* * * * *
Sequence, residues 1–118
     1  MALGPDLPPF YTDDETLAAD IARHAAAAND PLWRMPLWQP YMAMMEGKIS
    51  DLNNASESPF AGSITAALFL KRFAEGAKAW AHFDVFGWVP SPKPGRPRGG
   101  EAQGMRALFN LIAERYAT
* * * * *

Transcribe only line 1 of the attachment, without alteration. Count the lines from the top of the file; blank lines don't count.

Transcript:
Sequence, residues 1–118